Prom Night 2: Hello Mary Lou (1987)


In 1957, Mary Lou Maloney is on the verge of becoming Homecoming Queen. She’s got the flowers, she’s got the sash, the only thing that’s missing is the crown. Unfortunately for Mary Lou, her boyfriend just caught her cheating on him a few minutes earlier. He decides to use what he thinks will be a harmless prank to get revenge, but the stunt ends up horrifically backfiring and Mary Lou ends up dead before the crown can even be placed on her head.

Thirty years later, Hamilton High is getting ready for another senior prom. Homecoming hopeful, Vicki, can’t convince her mother to let her buy a new dress. So she heads down into the school’s prop room in search of an outfit. While looking around, she stumbles upon an old trunk from 1957, and, wouldn’t you know it, opening it ends up unwittingly releasing Mary Lou’s vengeful soul upon the school. And let me tell you, the prom queen of yesteryear is PISSED.

To be fair, I would be too if someone had set me on FIRE.

Prom Night 2 continues the president laid out by the first film, namely that of mashing other well-known films together to make its own thing. If the first Prom Night was a mix of Halloween and Carrie, than the second is a mix of Carrie, The Exorcist and Nightmare on Elm Street all rolled into one.

In fact, it so heavily resembles that last one, that it comes across more like a spiritual successor to Elm Street, and really only feels like a sequel to the original Prom Night in name only. After knocking off a couple of easy targets, Mary Lou sets her sights on taking over Vicki’s body, and ends up tormenting the poor girl with hallucinations of decrepit, ghostly school hallways,


snot soup with (what I assume to be) Mary Lou’s head in it,

My school cafeteria had worse. But nice try, movie.

demonic rocking horses,


and sadistic chalkboards.


So basically Mary Lou is channeling Freddy and doing a damn fine job of it. But unfortunately, the Freddy she’s channeling is the one that crawled out of the much maligned second entry of the franchise. So while the practical effects of the movie greatly benefit from the films souped-up budget, all that extra dough does little to benefit the story or acting. The characters are all still very cliche, the narration jumps around too fast, the story has a lot of gaps (why was Mary Lou’s soul trapped in that trunk?) and, much like the film it seems to be emulating, it’s filled with unintentionally hilarious reaction shots, presumably because even the actors had no idea what to make of this thing.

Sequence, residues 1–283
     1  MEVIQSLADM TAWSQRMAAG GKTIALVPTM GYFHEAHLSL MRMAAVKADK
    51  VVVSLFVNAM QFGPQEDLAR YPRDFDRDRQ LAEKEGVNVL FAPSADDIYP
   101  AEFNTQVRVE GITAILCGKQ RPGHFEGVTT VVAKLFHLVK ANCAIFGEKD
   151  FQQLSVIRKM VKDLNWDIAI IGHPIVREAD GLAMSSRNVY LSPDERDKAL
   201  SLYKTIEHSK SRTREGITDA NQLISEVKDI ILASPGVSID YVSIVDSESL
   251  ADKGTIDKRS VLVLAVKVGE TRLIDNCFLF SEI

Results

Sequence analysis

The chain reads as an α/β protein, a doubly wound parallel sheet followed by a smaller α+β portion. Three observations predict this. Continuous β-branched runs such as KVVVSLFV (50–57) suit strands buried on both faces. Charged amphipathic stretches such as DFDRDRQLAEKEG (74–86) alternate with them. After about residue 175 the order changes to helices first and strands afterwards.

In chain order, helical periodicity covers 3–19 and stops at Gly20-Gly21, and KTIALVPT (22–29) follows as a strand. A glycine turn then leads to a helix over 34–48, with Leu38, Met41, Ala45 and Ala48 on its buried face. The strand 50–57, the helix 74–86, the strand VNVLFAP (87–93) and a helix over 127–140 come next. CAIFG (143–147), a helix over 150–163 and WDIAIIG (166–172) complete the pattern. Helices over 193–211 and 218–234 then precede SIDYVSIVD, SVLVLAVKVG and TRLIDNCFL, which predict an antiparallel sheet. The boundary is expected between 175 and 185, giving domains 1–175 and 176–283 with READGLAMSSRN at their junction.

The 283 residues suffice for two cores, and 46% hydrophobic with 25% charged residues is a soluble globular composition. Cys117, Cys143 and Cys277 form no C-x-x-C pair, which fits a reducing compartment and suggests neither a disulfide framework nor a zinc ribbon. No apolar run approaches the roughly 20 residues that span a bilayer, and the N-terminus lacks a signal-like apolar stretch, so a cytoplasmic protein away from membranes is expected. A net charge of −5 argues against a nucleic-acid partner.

It’s like you can pinpoint the exact moment they realized they’d made a bad career decision.

On the plus side, the cinematography has improved greatly from its predecessor, so there’s that.

It’s a small blessing.

Prom Night 2 was originally intended to be a stand-alone horror film meant to pay tribute to other popular horror classics that came before it. There are even several references to other films in the script, and even some character names are references to horror icons (Carpenter, Craven, Romero, etc.) But at some point someone had the bright idea to re-brand it into a Prom Night sequel. Viewed as a horror movie homage, it kinda works. In that light, all the cliches make a lot more sense. But as a Prom Night sequel, it sucks. Other than repeating one line from the first movie, and having the film’s setting revolve around the prom, the two films are nothing alike. The tone is different, the villain is different, the motivation is different…. There’s just not enough to justify linking it to the original film. I still liked it though, thanks to it bat-shit insanity and a lot of campy goodness.

If you liked Nightmare on Elm Street, or are a fan of practical special effects, it probably couldn’t hurt to give this one a shot. Just don’t go in expecting anything too serious, or Mary Lou will laugh at you.

No, seriously. She will. She’s an evil, bitchy demon. It’s what they do.

Prom Night 2 is currently streaming on Amazon.

It is also available on several DVDs, but sadly most of them look like they’re out of print.



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